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The Easiest Way to Care Annuals and Perennials

Annuals and Perennials The Easiest Way to Care Annuals and Perennials

Nothing quite spruces up the outside of a home quite like a well-thought out garden design. While some folks revel in the work of the garden, viewing it as meditative and peaceful, others struggle to find the time.

Anything that feels like a chore will quickly become the focus of resentment, falling lower and lower on the household priority list until it is barely there at all.

Perhaps it is for this reason that so many homeowners are consciously seeking low care plants. In this way, they are able to enjoy the fruits of their not so hard labor without losing their evenings and weekends to the garden.

In this article we’ve collated a list of the easiest-going flowers, both annual and perennial. Keep these flowers in mind over the long winter so that come time for planting, you’ll get the most out of your flowers.


1. Black-Eyed Susan

Black-Eyed Susan

Rudbeckia (Black-Eyed Susan) is a wonderful perennial that is super easy to grow in any flower bed. With yellow or orange petals surrounding a darker center, most reach about two feet tall. Rudbeckia are naturally drought and insect repellent. They also reseed like crazy!

2. Salvia


Salvia, or perennial Sage, is a gorgeous deep blue or purple blooming plant capable of growing and thriving in nearly every climate. These will come back strong every year, but don’t spread quite as well as the grassy, ground-cover look would suggest. Still a wonderful addition to any garden.

3. Purple Coneflower

Purple Coneflower

There is a recent rise in popularity of the cone flower, especially as hybridizers have begun playing with colors. What was once only available as the traditional pink petaled, light centered perennial now comes in hues of white, raspberry, orange, and yellow.

4. Peony


Peonies will grow with very little tender love and care from you. This makes them the perfect plant for novice gardeners and folks who just don’t have their landscaping front of mind. Penies grow to be about 3 feet tall and come to bloom in mid spring.

5. Daylily


Once planted, these perennials require minimal attention, and offer a bloom full of flowers each spring. Daylilies just need some decent sun exposure and weed protection and they will thrive year after year. Their leaves will sprout like grass in the early spring with buds following quickly in the summer.


1. Tuberous Begonias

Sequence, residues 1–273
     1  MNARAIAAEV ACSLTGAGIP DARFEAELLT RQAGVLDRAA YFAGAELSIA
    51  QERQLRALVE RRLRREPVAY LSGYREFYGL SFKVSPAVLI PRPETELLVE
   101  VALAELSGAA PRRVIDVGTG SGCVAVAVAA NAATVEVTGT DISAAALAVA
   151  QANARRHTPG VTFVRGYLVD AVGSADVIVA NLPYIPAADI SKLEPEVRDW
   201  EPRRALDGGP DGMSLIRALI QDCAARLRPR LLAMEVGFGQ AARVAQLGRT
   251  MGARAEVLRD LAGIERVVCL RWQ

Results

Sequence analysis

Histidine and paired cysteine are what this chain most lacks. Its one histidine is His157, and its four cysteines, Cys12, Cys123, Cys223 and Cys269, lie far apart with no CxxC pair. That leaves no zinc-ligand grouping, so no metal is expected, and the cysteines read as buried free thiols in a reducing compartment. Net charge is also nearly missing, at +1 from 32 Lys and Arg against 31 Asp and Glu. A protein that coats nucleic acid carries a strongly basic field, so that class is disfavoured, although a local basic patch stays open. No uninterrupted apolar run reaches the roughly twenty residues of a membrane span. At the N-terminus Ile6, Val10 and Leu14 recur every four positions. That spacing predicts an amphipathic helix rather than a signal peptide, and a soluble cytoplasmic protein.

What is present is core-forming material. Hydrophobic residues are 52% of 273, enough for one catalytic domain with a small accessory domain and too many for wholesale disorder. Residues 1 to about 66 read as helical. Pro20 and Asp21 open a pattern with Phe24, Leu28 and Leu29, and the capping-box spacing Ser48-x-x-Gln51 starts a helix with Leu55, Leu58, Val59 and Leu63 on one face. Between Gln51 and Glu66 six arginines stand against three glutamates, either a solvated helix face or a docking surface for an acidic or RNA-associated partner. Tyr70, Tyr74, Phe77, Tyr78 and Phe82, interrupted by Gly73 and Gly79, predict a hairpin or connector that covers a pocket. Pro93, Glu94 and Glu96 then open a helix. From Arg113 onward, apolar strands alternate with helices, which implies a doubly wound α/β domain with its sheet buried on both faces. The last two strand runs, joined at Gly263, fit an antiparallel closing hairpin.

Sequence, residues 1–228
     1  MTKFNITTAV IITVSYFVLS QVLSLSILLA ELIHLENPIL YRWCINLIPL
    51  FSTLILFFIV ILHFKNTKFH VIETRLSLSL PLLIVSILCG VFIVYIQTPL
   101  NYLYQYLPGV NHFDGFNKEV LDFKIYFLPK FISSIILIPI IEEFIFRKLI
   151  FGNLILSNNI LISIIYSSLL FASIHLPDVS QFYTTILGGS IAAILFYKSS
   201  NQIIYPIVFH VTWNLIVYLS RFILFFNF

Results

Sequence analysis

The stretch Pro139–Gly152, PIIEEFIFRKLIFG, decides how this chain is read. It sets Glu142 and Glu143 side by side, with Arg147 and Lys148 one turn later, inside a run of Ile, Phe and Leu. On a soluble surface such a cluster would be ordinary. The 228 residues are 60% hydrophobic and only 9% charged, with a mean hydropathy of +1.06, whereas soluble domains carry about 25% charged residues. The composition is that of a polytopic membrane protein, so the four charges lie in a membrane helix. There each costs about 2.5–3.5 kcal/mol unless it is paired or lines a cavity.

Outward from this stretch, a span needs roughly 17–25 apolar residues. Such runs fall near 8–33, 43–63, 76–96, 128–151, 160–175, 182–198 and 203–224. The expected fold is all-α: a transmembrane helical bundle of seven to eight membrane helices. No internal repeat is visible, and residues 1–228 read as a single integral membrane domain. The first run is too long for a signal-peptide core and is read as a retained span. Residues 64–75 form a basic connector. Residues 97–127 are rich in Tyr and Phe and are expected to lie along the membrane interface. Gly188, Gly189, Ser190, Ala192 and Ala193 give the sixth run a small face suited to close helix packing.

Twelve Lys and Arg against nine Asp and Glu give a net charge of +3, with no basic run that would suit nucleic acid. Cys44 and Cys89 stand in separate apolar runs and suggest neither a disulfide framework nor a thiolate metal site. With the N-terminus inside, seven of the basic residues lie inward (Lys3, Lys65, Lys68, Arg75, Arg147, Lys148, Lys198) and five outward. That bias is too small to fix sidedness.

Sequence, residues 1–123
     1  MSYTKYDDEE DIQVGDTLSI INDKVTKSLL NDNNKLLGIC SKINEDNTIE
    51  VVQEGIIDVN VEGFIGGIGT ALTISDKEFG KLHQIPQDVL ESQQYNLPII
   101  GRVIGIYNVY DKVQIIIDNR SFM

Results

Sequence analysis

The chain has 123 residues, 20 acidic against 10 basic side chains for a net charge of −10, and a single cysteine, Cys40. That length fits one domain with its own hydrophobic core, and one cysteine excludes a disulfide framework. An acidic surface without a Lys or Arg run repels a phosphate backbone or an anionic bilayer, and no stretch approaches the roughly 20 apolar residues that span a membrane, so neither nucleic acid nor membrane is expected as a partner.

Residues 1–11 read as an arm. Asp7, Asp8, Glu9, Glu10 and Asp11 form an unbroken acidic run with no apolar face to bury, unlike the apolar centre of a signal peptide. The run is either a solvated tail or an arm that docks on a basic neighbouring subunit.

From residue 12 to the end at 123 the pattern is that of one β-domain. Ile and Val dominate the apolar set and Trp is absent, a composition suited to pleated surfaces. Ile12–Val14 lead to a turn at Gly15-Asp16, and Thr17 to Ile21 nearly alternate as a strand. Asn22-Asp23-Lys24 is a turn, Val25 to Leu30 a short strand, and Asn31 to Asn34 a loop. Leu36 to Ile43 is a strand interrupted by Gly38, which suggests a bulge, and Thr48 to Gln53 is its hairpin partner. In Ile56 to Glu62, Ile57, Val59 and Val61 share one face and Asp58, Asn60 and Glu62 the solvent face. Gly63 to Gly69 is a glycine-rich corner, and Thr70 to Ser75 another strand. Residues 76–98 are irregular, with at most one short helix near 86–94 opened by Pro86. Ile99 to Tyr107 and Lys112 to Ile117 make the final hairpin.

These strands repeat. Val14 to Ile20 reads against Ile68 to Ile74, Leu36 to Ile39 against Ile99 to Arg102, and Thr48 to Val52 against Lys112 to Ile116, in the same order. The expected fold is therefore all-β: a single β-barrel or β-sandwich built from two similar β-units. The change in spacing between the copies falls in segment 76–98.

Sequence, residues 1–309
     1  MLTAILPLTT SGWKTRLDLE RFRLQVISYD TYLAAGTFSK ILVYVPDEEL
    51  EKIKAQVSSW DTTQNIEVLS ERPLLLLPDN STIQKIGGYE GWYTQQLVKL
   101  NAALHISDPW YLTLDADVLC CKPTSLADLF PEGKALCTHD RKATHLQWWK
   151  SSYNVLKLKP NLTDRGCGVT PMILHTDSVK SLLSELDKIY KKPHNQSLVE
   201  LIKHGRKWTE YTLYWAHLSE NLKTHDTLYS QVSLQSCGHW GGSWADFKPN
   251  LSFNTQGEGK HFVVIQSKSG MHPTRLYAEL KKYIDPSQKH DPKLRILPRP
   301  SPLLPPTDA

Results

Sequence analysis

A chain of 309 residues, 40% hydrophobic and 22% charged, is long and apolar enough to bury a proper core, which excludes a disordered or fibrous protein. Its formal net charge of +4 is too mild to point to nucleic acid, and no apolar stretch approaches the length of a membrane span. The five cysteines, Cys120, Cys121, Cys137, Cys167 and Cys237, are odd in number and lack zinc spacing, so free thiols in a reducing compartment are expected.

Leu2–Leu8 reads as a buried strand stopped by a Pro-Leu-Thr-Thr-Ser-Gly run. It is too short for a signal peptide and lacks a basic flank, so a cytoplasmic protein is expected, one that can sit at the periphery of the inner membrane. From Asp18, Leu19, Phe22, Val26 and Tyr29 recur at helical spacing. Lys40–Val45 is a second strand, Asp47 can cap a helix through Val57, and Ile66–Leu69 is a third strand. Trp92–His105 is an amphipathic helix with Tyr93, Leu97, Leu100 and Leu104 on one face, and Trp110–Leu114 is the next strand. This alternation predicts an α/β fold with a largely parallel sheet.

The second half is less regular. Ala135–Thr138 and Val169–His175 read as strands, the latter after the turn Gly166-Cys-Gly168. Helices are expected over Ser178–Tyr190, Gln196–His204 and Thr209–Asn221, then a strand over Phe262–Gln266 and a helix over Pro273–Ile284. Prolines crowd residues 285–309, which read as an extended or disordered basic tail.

Tuberous Begonias

Typically grown as annuals, these are in reality tender perennials. That means they are most at risk over the winter for their sensitivity to cold. Tuberous Begonias come as upright plants, perfect for bedding, and in pendulous form. The latter is likely is most widely used in hanging pots.

2. Petunias


Like, Begonias, Petunias are tender perennials in USDA Zones 9-11. Despite this, many gardeners grow them as annuals because of how vulnerable they are to the cold. Some Petunias will grow in partial shade, but full sun is definitely preferred.

3. Impatiens Walleriana

Impatiens Walleriana

This shrub-like perennial is another that is mostly grown and treated like an annual flower. Walleriana does well in filtered light or shade and in good soil. You will see them in beds, but they are best in flower boxes or as hanging plants where soil is fast-draining and sun is controlled.

4. Geraniums


Geraniums, annual to cold-weather climates, love a full sun, but not necessarily the heat. In order to grow Geraniums outdoors, the perfect climate is needed (think California). Most other places, they are wonderful bedding or indoor plants.

5. Marigolds


The Marigold is an easy and consistent annual that demands full sun and well drained soil. There are many  varieties of Marigold that range in size and color. All are well known for the ability to repel insect pests, which is why you can often find them surrounding gardens.


Each of the above flowers is beautiful in its own right, and many have functions beyond curb appeal worth considering for your garden. In every case, though, the maintenance and work required are minimal.

As you pontificate on your garden plans over the winter, there are a few things to consider:

  1. Tender perennials are not perennial. It may take some doing to get them through the winter months depending on climate.
  2. The water and sun needs of whatever you plant are vital to their ability to last. Even a perennial plant will die fast if these needs are misunderstood and mismanaged.

Keep these in mind, and you are certain to make the right choices to keep your beds, hangers, and boxes in bloom each and every season.